Creating Lasting Change: Part One
4 Ways to Create and Examine Lasting Change
Dietary supplements, self-help books promising lasting change, gym memberships, storage containers… the list could go on and on. These products grab for our attention each January and with good reason. If it isn’t the excess of the holidays that creates a momentum toward change, then it’s the turn of the calendar to a new year that prompts you to consider areas of your life that could stand a bit of improvement. I’m not opposed to taking personal inventory, setting goals, or cultivating personal growth. After all, the hallmark of my professional field is change and transformation. However, I do think it’s worth pausing to reflect on the dynamics and motivation for change. Doing so helps you proceed in a more deliberate and therefore satisfying fashion. In making change, here are some thoughts on what to watch for and consider.
Lasting change happens incrementally and often at a subtle level.
One of the critical facets of the NeuroAffective Relational Model (NARM)—the modality I use when working with developmental trauma—is to reflect back to my clients when change is happening. For example, a client may share an exchange with a friend in which they’ve set and held a good boundary. We pause to reflect on how that’s different from a month ago, six months ago, a year ago, etc. We do so to allow the difference to marinate at an emotional, somatic and intellectual level. Why take the time? The reality is that when it comes to our own process, we may be too deep in the forest to see the trees. In other words, we’re not likely to notice subtle shifts when they occur. Add to that the common cultural expectation for instant or dramatic gratification and we’re even less likely to register the difference as change.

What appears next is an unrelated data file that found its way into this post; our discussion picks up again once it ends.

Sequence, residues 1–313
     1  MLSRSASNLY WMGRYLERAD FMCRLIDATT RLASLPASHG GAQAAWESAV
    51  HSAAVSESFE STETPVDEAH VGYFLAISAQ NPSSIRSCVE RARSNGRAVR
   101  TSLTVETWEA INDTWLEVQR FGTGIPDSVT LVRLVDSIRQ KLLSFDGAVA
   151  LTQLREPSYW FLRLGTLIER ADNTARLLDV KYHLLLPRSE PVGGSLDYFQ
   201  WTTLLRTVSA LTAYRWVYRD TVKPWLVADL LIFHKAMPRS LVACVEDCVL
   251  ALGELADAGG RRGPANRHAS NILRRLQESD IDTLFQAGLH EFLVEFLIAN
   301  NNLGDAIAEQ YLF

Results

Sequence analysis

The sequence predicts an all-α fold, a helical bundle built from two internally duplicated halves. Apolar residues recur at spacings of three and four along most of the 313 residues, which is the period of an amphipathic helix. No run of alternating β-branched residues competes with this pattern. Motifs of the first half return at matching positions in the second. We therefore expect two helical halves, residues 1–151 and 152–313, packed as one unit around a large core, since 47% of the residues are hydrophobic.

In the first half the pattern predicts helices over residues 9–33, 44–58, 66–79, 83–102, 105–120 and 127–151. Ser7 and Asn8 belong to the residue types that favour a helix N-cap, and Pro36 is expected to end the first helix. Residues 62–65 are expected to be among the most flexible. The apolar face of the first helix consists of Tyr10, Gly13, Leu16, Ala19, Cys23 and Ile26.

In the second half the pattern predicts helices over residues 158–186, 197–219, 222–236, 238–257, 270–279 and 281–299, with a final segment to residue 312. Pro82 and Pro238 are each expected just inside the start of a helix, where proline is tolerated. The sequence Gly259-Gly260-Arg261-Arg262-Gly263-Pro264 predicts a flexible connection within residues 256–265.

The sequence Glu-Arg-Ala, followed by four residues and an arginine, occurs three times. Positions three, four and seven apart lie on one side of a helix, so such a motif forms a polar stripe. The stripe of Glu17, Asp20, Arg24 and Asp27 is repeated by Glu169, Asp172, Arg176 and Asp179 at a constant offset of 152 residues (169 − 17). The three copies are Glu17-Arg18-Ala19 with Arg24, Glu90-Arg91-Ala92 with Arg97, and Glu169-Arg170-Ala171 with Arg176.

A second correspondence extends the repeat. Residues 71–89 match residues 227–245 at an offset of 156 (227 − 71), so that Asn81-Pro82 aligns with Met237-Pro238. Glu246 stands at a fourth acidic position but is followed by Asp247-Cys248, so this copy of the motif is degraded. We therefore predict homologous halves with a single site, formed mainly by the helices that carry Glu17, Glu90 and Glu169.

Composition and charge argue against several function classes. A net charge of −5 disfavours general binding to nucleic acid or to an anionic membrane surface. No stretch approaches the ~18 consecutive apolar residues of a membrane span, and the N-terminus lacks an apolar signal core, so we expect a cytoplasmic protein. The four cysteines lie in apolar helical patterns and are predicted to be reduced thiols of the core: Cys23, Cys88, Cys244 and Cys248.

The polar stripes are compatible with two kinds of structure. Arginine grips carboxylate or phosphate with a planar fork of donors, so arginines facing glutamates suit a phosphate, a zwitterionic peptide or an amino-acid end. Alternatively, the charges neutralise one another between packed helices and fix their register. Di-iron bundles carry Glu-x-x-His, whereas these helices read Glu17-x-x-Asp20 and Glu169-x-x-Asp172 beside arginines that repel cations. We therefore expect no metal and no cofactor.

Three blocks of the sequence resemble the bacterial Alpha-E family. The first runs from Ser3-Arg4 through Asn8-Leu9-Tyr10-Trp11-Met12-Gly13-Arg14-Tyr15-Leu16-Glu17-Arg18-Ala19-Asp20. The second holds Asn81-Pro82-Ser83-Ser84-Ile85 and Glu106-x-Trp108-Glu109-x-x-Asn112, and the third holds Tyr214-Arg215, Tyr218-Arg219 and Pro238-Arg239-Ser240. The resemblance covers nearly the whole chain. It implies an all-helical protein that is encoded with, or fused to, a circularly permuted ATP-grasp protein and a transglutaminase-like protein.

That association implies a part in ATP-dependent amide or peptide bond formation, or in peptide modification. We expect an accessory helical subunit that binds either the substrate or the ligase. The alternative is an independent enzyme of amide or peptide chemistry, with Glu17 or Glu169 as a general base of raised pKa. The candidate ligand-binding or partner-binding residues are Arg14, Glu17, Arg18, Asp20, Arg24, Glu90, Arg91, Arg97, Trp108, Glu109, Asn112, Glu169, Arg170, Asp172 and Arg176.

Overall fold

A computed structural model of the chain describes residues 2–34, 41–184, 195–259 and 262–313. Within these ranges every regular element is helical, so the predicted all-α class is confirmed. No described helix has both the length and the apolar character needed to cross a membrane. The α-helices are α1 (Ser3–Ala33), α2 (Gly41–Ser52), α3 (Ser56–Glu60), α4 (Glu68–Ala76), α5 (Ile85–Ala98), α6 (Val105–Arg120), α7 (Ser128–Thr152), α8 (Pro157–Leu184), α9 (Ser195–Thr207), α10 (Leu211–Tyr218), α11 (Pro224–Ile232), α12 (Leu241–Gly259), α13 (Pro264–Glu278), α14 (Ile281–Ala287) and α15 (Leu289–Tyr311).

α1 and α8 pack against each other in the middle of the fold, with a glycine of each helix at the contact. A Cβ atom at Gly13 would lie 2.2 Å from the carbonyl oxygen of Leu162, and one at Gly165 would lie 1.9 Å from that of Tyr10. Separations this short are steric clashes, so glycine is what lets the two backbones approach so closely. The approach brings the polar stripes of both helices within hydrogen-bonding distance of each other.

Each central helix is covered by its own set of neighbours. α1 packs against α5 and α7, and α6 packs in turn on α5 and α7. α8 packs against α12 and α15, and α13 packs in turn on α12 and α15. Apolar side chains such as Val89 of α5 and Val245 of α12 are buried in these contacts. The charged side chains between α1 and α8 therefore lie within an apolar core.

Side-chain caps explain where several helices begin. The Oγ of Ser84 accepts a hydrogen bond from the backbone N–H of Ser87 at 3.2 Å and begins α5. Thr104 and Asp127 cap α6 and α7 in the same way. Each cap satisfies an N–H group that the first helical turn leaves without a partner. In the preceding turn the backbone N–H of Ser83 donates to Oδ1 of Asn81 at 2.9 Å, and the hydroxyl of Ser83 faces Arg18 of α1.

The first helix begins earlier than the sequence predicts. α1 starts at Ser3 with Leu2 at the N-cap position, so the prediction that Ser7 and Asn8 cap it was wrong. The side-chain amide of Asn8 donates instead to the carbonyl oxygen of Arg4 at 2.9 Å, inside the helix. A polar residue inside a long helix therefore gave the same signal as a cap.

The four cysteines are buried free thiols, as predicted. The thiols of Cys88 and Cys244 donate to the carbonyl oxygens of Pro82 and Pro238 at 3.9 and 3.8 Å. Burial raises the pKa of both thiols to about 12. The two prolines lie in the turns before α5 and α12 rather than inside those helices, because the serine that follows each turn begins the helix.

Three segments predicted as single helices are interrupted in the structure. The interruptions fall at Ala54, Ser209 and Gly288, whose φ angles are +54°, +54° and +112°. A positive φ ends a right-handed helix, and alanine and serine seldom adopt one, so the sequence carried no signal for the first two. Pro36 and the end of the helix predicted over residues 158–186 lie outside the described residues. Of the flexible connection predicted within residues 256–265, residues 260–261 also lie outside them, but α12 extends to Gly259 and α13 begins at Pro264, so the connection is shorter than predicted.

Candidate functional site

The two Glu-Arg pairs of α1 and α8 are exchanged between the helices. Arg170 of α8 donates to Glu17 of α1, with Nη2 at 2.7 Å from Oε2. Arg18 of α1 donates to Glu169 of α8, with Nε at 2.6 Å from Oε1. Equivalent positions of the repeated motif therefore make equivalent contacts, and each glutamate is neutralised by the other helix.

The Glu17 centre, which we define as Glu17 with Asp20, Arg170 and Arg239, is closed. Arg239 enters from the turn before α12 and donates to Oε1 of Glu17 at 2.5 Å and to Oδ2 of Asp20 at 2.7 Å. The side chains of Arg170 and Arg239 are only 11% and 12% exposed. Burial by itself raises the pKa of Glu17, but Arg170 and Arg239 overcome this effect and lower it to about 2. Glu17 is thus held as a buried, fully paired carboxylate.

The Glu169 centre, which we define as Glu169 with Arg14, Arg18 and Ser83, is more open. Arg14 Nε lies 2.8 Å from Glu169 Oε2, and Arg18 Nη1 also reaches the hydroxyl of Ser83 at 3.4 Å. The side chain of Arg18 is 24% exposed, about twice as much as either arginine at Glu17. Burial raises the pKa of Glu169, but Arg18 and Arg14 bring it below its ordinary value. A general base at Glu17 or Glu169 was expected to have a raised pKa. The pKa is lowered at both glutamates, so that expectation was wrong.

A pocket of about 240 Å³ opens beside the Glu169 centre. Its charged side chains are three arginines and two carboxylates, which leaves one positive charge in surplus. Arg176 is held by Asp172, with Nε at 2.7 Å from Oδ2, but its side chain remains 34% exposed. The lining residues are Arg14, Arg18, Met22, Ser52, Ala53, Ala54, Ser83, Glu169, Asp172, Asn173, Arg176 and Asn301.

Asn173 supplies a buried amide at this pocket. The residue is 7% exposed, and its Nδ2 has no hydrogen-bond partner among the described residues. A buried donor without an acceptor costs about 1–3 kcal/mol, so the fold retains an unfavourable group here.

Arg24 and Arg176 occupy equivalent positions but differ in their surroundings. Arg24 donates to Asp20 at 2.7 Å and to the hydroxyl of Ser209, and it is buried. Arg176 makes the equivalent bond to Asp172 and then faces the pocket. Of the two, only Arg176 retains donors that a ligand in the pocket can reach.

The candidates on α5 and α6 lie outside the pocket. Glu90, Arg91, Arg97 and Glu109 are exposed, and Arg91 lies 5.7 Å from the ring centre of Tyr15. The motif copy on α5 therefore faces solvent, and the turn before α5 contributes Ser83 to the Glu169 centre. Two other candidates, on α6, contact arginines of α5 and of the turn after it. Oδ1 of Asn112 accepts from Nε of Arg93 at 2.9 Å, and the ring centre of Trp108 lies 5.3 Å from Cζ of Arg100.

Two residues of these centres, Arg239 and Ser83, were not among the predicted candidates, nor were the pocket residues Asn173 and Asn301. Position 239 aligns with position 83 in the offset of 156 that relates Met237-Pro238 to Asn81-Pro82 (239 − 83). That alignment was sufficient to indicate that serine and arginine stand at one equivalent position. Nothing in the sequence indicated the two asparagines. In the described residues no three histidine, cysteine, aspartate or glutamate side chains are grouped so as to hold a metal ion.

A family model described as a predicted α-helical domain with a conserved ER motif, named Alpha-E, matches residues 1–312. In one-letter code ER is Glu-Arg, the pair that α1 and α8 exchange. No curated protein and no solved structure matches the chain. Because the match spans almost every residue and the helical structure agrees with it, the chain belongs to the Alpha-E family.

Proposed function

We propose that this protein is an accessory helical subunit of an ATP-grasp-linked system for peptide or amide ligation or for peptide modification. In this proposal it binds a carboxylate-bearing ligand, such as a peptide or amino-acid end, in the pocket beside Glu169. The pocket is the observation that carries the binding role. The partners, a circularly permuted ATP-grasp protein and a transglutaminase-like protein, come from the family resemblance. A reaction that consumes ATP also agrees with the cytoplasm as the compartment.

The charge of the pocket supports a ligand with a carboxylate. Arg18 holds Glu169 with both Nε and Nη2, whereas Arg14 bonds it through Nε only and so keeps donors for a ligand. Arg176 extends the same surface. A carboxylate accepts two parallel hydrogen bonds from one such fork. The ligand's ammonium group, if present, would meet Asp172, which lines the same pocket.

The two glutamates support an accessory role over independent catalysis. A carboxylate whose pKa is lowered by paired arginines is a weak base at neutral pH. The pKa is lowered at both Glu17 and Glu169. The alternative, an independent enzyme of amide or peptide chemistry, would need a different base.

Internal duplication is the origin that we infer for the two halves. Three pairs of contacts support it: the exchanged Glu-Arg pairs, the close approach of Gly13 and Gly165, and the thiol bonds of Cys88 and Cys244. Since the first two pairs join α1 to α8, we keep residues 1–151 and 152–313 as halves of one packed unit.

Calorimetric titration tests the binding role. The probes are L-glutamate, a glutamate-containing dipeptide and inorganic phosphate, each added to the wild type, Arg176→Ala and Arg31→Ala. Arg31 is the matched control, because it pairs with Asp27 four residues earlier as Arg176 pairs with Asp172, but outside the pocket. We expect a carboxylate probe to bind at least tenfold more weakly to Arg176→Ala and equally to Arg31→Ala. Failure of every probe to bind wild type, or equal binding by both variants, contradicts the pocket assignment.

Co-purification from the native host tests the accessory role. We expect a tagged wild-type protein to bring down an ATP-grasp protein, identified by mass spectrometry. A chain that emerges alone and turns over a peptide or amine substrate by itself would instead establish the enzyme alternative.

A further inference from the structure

Just as we use tools like a scale or a ruler to measure small fluctuations, objective observations from a therapist, friends or family can help us internalize the sense that we’re achieving what it is we say we want.
When a desire for change is genuinely our own, motivation goes up and the likelihood of success improves.
Consider one of the goals you may have for 2020 and then look at what’s driving the desire. The more honest you can be, the better. Is it social trends? Parental expectations? Job demands? If so, the motivation is coming from an external agenda. You’re probably familiar with the somatic characteristics of these kinds of pressures. They may show up as a headache, a weight in the stomach or tightness in the shoulders. If you give them some mindful attention, you may even notice the sensations carry a “rule” you learned growing up. Some examples are “authority knows best”, “trusting your instincts is bad” or “beauty guarantees acceptance.” To make it more complicated, these introjects (ideas and attitudes unconsciously adopted from others) may have been at work for so long, you might simply take them for truth and not see them for what they are—outgrown identifications subject to change.
The bottom line is that outside agendas aren’t well received by our authentic Self and tend to garnish some resistance. On the other hand, if our motivation stems from an inner-sanctioned source—a place within us we know we can trust—then the outlook for lasting change is better.
To continue learning about how to create and examine lasting change, please read part two in this series.